There is a Great Egret nightly roosting spot on a lake down the street from me that doesn’t seem to attract any visitors but me. Each evening right at sunset, a stream of large, white egrets fly in to roost in one particular set of oak trees bordering the lake.
The egrets circle the roost a couple of times before gliding into roost in the tops of the trees. With the early evening sun behind me, their white shapes stand out against the sky.
Flying into the sun as they circle the lake, the white shapes turn to dark ones.
Some fly right over my head as they glide in for a landing.
Birds land in one spot but may scramble around for a few minutes trying to find just the perfect spot to spend the night. There are a lot of croaking vocalizations among the crew as they settle down.
Sometimes there are disagreements about whose spot it is. Erect neck feathers indicate the state of agitation in these two birds, as they threaten each other with those sharp beaks.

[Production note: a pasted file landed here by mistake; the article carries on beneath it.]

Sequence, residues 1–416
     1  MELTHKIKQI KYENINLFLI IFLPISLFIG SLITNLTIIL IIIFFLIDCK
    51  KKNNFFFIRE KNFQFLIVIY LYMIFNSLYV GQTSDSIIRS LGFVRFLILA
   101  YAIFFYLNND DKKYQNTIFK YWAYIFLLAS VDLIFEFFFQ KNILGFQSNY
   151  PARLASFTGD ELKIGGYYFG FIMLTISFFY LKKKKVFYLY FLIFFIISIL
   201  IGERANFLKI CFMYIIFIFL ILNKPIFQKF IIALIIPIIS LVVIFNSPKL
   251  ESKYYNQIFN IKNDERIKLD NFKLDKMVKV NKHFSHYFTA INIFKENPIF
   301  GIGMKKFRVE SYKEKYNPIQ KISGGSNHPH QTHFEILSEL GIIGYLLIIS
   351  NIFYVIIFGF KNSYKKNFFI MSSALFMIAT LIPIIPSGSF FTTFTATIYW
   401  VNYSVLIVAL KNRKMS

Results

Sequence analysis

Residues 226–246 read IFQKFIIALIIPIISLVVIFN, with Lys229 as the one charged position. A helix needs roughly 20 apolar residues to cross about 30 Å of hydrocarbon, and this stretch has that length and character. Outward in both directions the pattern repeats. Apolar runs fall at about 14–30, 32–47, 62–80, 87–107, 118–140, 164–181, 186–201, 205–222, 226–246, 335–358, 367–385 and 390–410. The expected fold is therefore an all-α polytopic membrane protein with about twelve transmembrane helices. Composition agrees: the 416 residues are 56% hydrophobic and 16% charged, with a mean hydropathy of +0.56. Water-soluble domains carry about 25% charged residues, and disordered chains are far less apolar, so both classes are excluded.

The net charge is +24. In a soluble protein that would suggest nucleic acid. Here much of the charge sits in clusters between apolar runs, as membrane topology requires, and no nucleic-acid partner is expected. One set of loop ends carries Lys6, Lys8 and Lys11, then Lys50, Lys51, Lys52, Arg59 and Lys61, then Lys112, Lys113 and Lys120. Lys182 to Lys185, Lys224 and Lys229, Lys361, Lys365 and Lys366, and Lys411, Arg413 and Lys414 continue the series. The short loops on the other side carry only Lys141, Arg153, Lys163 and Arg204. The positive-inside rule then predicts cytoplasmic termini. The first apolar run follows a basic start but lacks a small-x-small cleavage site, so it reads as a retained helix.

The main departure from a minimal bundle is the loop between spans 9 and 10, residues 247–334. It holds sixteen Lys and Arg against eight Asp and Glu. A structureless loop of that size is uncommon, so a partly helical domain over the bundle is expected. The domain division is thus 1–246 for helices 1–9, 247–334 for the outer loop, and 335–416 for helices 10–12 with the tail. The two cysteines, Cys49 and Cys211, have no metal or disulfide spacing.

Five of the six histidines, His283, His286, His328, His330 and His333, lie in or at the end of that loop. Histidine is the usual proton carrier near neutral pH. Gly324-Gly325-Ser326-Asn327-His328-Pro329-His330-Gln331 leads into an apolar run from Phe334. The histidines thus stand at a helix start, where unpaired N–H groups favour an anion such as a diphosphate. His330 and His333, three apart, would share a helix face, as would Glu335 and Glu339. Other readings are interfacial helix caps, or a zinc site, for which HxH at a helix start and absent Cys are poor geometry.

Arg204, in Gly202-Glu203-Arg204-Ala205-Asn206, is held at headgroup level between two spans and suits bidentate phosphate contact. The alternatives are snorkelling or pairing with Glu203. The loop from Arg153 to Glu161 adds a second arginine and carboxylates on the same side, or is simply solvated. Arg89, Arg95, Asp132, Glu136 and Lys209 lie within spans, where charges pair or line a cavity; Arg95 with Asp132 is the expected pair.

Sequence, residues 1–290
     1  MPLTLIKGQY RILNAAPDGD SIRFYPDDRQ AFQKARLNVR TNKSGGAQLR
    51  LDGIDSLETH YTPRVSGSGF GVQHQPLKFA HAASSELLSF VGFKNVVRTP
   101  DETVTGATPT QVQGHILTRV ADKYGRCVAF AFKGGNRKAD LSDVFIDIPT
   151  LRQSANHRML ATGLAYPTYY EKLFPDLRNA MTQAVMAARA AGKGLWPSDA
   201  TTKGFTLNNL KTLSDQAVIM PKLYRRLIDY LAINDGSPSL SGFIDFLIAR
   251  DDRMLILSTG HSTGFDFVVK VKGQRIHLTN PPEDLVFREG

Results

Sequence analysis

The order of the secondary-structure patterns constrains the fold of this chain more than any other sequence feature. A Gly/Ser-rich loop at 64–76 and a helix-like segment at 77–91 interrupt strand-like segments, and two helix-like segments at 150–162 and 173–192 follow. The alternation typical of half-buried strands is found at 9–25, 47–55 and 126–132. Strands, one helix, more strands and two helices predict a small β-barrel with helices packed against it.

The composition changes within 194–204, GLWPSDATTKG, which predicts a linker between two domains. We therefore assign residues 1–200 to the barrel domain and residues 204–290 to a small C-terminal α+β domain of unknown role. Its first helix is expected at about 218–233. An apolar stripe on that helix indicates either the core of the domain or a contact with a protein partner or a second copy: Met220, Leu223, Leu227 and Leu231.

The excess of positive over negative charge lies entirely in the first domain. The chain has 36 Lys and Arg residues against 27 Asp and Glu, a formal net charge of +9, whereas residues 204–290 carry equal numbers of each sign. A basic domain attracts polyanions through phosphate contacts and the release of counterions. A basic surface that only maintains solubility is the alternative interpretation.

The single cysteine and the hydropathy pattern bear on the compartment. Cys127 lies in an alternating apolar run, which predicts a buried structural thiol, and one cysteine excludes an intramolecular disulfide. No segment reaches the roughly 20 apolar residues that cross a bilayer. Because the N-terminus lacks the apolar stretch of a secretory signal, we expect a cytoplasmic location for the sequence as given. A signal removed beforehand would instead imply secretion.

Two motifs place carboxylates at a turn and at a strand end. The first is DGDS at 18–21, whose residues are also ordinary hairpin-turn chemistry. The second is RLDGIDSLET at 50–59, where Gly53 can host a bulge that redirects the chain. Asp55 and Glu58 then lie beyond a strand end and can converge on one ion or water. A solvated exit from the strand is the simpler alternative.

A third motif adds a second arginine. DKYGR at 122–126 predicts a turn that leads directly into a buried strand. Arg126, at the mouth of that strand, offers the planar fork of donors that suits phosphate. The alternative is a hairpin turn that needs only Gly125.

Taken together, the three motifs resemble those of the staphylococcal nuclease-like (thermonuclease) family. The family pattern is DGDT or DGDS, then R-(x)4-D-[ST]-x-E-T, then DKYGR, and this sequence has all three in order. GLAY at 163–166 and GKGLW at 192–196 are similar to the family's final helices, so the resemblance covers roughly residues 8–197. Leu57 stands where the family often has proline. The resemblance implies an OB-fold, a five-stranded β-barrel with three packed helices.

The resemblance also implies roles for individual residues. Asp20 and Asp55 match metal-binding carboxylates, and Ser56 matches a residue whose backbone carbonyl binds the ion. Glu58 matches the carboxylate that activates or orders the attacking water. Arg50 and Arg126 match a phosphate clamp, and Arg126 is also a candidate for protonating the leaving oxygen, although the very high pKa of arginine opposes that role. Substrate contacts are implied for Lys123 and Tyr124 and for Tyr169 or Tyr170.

It’s rare to find an egret roosting in the open, free of branches and leaves.
Even rarer to get a shot of one framed by the last remnants of the sunset.
With their breeding season completed, these birds will probably stick around for a few more weeks, fattening up on the local frogs and fish in nearby lakes, before heading south for the winter. When I see flocks of egrets like this flying around, I realize the number of summer days is quickly coming to an end…